Shop Doc – Indexable Carbide Inserts for Single Point Turning

Today’s Machining World Archives September 2007 Volume 03 Issue 09

Dear Shop Doc,

We are frequently utilizing indexable carbide inserts for single point turning processes in our shop. It appears that most of these inserts are available in M (molded) or G (ground) tolerances. Can you tell me the benefits of one over the other? Also, how will I see the performance advantages from the more expensive G inserts?

Weighing In

Dear Weighing In,
Let’s first briefly touch base on how an insert is made. Several powders which make up the substrate of the carbide are molded into the shape desired. The next step is to “sinter” or basically bake it. This sintering process actually shrinks the insert to the size desired, with a tolerance for its thickness and inscribed circle dimensions.

At this “molded” point, all that is left is to prep the cutting edges, then inserts are ready to make chips. There isn’t any other cost involved other than packaging. Some of these molded inserts will be coated, which is one more step that adds to the cost. A subsequent grinding operation can take place on the edges, and or top and bottom of the inserts. This will ensure each insert will be held to a given tolerance.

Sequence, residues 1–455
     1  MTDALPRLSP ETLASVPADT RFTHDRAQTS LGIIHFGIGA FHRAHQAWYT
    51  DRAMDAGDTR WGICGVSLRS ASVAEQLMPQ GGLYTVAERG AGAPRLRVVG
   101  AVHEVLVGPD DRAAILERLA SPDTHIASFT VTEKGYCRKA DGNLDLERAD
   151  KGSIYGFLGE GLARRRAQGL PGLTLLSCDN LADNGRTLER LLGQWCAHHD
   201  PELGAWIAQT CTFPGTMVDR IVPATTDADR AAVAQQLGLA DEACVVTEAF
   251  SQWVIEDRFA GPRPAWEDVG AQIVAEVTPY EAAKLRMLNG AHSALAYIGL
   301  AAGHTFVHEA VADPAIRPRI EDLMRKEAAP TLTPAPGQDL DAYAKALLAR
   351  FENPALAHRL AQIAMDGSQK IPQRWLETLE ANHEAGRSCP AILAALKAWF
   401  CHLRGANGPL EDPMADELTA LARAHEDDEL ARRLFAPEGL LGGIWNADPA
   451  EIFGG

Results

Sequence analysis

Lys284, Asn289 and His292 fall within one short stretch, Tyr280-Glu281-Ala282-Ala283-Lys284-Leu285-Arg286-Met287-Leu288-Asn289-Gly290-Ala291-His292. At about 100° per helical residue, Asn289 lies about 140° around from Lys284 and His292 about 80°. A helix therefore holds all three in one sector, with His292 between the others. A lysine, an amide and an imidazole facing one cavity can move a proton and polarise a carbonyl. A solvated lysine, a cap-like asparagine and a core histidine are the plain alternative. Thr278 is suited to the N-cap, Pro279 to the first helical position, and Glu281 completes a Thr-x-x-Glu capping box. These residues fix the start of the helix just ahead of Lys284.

A great reason to use ground inserts is that once you establish the centerline of a turning insert, the next insert should be sitting at the same height. Incorrect centerline height is one of the most common causes of poor tool life in turning applications.

Also, as you index the insert from cutting edge to cutting edge, you should be able to reset any wear offsets (on a CNC machine) or back off any adjustments to the starting position that the last tip of the insert started at, and begin with a good part or dimension that this tool is cutting. Each manufacturer states their tolerance on their insert. Typically it is the third letter in their insert nomenclature

In some cases, to maximize machining effectiveness when cutting materials such as aluminum or titanium, a slicing or shearing action is exactly what is preferred. This is obtained by further grinding a sharper cutting edge on the insert.

Jim Rowe
Mahar Tool Supply

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